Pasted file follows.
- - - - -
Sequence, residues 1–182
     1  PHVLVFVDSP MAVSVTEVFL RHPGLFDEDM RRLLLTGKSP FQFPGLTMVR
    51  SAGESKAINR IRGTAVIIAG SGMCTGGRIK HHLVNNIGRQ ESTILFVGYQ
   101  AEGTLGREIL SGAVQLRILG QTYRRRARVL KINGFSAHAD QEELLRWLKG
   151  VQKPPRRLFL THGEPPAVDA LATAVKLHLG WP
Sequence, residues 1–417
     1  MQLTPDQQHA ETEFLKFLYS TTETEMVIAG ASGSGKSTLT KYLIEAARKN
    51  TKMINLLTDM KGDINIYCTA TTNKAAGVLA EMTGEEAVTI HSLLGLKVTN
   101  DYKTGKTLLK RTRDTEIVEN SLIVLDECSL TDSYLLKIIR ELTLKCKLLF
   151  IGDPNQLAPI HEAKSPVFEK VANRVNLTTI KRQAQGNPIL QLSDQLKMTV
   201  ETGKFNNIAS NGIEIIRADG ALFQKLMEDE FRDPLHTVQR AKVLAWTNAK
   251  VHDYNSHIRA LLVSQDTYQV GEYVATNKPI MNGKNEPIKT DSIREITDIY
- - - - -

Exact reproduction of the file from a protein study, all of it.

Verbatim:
Sequence, residues 1–182
     1  PHVLVFVDSP MAVSVTEVFL RHPGLFDEDM RRLLLTGKSP FQFPGLTMVR
    51  SAGESKAINR IRGTAVIIAG SGMCTGGRIK HHLVNNIGRQ ESTILFVGYQ
   101  AEGTLGREIL SGAVQLRILG QTYRRRARVL KINGFSAHAD QEELLRWLKG
   151  VQKPPRRLFL THGEPPAVDA LATAVKLHLG WP
Sequence, residues 1–417
     1  MQLTPDQQHA ETEFLKFLYS TTETEMVIAG ASGSGKSTLT KYLIEAARKN
    51  TKMINLLTDM KGDINIYCTA TTNKAAGVLA EMTGEEAVTI HSLLGLKVTN
   101  DYKTGKTLLK RTRDTEIVEN SLIVLDECSL TDSYLLKIIR ELTLKCKLLF
   151  IGDPNQLAPI HEAKSPVFEK VANRVNLTTI KRQAQGNPIL QLSDQLKMTV
   201  ETGKFNNIAS NGIEIIRADG ALFQKLMEDE FRDPLHTVQR AKVLAWTNAK
   251  VHDYNSHIRA LLVSQDTYQV GEYVATNKPI MNGKNEPIKT DSIREITDIY